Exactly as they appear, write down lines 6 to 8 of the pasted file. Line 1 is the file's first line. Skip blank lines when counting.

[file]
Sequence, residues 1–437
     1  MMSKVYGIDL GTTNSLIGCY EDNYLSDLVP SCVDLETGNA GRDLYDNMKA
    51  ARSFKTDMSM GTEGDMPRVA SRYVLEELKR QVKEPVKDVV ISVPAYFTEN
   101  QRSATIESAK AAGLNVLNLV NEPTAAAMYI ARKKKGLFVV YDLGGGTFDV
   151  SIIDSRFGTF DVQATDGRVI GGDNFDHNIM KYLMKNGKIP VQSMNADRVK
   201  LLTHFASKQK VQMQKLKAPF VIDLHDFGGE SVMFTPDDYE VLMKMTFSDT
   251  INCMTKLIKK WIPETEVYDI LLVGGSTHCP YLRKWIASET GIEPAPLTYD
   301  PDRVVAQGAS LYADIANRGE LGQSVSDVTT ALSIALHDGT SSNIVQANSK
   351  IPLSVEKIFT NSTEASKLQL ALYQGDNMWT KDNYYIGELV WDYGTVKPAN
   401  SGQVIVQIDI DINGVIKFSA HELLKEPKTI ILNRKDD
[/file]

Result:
   201  LLTHFASKQK VQMQKLKAPF VIDLHDFGGE SVMFTPDDYE VLMKMTFSDT
   251  INCMTKLIKK WIPETEVYDI LLVGGSTHCP YLRKWIASET GIEPAPLTYD
   301  PDRVVAQGAS LYADIANRGE LGQSVSDVTT ALSIALHDGT SSNIVQANSK